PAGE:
Importantly, the effects are greater during the Great Recession than during the recession of the early 2000s. This is consistent with the results by Kroft and Notowidigdo (2016) who find that the reduced incentives to search when UI is more generous are mitigated during recessions, and so the benefits of better matching may dominate the reduced job search efforts during a deep recession like the Great Recession.
Figure 2 Predicted percentage increase in wages by UI duration
Importantly, the benefits of extended payments were greater for women as well as for minority and less educated workers. These are groups that are more likely to have inadequate resources, and lower ability to borrow, in order to withstand a long bout of unemployment. Thus, liquidity-constrained workers benefit most from UI suggesting that more generous UI benefits improve matches between workers and employers because it allows workers to search longer for a better match.
Conclusions and policy implications
Our evidence suggests that more generous unemployment insurance benefits improve the functioning of the labour market by improving job matching, the connection of ideally suited workers and employers. Thus, both workers and employers benefit from more generous UI as improved matching increases wages for workers and productivity for firms. In addition, the benefit to the job market does not stop with those workers and the firms that hire them. By not having to take a job for which she was overqualified, which paid less, or which did not meet her needs in other ways, that worker left that job available to an individual for whom it was a better match, and that worker, in taking that job, left open a job more suitable for somebody else, and so on. This chain reaction induces large benefits for far more workers and employers and the overall labour market.
In the coronavirus recession, the first extension of UI benefits, enacted in March, extended the maximum benefit duration from the 26 weeks provided by most states to 39 weeks. The legislation enacted at the end of 2020 provided a second extension to a maximum of 50 weeks. These extensions are crucial in helping workers sustain their basic consumption levels and stay out of poverty. Our work also suggests that these extensions may well be crucial in ensuring workers land good jobs when the economy recovers again.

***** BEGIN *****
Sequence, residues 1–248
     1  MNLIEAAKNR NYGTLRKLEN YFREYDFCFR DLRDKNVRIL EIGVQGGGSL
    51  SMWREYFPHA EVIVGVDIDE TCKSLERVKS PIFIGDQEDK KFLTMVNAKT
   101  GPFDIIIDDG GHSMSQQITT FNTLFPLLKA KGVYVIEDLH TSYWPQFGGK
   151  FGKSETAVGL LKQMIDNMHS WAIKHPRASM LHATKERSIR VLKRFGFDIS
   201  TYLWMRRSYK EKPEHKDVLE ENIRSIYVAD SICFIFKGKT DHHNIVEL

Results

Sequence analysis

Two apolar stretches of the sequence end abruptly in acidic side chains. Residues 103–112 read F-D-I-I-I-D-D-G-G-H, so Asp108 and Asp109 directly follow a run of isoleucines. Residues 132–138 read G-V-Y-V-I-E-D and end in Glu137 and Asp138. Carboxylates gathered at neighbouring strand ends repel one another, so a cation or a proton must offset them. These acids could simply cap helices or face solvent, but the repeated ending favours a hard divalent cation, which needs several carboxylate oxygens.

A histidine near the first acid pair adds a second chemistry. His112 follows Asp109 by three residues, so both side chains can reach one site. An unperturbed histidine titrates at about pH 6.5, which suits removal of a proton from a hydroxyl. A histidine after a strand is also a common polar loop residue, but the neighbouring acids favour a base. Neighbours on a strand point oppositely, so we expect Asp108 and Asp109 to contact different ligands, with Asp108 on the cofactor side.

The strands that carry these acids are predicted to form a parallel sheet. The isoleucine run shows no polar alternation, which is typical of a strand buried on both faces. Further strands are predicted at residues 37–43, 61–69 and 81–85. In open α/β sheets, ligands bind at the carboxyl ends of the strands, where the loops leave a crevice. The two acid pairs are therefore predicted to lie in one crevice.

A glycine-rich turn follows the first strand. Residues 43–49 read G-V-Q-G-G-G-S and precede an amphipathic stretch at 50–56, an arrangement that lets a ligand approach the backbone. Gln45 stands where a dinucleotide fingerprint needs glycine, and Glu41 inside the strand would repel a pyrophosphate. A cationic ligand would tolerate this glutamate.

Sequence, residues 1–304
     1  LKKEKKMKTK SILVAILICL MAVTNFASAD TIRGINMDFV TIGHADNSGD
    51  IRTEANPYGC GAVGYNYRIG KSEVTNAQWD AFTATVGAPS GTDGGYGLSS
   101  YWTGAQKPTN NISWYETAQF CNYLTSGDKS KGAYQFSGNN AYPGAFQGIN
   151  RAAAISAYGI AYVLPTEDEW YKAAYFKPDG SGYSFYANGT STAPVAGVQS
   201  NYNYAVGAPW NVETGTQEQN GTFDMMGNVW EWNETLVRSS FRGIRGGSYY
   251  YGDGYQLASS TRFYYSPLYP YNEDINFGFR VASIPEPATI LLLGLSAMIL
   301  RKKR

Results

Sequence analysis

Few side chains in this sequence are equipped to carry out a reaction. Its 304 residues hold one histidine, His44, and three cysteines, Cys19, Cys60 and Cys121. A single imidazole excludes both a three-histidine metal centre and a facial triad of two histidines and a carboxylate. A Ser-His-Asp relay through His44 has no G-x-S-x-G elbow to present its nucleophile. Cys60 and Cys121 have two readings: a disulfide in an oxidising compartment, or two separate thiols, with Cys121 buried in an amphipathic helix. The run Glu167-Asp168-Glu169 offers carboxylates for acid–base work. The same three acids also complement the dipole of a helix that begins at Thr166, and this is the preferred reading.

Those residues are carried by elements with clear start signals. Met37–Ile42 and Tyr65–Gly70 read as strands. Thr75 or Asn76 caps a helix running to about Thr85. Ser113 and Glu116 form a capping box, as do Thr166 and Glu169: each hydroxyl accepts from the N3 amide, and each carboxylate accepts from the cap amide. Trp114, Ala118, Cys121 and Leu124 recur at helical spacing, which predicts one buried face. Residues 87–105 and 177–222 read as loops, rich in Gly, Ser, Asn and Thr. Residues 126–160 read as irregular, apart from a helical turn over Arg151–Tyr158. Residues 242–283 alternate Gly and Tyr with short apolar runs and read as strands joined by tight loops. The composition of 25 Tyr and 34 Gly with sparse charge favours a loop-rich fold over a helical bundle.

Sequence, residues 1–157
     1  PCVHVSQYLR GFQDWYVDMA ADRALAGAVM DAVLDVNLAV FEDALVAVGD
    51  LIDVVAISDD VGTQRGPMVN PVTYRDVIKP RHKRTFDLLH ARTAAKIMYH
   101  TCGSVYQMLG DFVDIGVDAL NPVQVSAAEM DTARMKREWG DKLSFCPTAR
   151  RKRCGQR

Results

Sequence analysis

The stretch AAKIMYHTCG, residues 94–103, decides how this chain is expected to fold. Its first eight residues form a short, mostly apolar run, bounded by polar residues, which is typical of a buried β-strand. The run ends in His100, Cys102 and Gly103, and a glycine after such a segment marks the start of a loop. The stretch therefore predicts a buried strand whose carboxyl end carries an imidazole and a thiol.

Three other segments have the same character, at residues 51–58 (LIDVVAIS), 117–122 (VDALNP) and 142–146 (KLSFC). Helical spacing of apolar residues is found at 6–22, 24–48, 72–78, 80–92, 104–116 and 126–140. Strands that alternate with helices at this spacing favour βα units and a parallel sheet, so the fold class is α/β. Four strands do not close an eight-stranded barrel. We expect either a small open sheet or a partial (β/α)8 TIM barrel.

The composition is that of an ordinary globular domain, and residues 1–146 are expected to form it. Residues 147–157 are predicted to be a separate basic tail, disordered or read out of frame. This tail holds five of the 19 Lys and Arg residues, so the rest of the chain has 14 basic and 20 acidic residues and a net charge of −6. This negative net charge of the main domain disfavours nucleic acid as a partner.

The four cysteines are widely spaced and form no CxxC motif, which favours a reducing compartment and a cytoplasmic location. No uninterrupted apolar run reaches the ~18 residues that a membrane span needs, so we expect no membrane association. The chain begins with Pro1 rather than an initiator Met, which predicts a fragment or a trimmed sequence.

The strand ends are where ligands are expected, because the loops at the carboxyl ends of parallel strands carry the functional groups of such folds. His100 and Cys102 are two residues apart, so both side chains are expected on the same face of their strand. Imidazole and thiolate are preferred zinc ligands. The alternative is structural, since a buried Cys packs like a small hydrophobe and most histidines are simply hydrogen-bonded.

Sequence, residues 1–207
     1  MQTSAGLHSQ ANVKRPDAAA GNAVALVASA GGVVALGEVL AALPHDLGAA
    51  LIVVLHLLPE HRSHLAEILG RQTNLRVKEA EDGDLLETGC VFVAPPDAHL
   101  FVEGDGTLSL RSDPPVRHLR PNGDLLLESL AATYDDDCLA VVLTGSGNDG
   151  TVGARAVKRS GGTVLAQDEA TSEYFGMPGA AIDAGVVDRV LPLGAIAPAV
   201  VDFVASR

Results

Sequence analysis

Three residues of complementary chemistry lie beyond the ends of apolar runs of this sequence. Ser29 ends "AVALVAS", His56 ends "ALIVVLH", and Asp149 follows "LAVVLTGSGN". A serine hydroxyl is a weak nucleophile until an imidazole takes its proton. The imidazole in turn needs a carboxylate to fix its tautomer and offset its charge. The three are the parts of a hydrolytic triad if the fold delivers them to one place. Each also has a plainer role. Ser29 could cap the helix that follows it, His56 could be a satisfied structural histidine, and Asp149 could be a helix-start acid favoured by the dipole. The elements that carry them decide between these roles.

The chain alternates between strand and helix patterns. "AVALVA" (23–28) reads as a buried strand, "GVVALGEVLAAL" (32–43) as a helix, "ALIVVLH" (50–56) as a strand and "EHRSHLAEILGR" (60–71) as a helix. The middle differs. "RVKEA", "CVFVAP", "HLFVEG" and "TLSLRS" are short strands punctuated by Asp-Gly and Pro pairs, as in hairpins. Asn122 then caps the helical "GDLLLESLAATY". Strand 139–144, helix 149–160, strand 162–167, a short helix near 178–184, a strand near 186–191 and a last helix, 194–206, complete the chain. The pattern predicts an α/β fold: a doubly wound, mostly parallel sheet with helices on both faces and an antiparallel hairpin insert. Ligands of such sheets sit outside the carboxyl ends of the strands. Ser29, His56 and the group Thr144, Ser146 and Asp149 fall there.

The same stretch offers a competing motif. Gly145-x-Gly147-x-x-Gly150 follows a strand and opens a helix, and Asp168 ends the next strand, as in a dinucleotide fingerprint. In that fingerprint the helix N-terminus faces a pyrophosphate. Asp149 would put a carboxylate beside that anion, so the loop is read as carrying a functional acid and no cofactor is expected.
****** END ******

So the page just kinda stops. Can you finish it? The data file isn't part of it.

Moreover, because high unemployment could last well into 2021 and workers will experience loss of skills, further extensions and supplemental benefits might be necessary to help workers weather this storm and end up in appropriate jobs after the recession. Our research suggests that as long as unemployment remains high, extended benefits can significantly improve the wellbeing of workers and their families, as well as firms and the economy at large. The labour market right now is severely damaged. Giving ideally suited workers and firms sufficient time to find each other can be part of the healing.
Boone, C, A Dube, L Goodman and E Kaplan (2017,) “The impact of unemployment insurance expansion on aggregate employment during the Great Recession”, VoxEU.org, 8 January.
Card, D and P Levine (2000), “Extended Benefits and the Duration of UI Spells: Evidence from the New Jersey Extended Benefit Program”, Journal of Public Economics 78(1): 107-138.
Farooq, A, A Kugler and U Muratori (2020), “Do Unemployment Insurance Benefits Improve Match Quality? Evidence from Recent U.S. Recessions”, NBER Working Paper No. 27574.
Kroft, K and M Notowidigdo (2016), “Should Unemployment Insurance Vary with the Unemployment Rate? Theory and Evidence”, Review of Economic Studies 83(3): 1092-1124.
Landais, C, A Nekoei, J P Nilsso, D Seim and J Spinnewijn (2018), “Unemployment insurance and adverse selection: Evidence from Sweden”, VoxEU.org, 03 February.
Marinescu, I (2016), “Why unemployment benefits should be extended in recessions: US evidence”, VoxEU.org, 01 March.
Meyer, B D (1990), “Unemployment Insurance and Unemployment Spells”, Econometrica 58(4): 757-782.
Moffitt, R (1985), “Unemployment Insurance and the Distribution of Unemployment Spells”, Journal of Econometrics 28(1): 85-101.
Nekoei, A and A Weber (2015) “Unemployment benefits and job match quality”, VoxEU.org, 10 July.
Nekoei, A and A Weber (2017), “Does Extending Unemployment Benefits Improve Job Quality?”, American Economic Review 104(2): 527-561.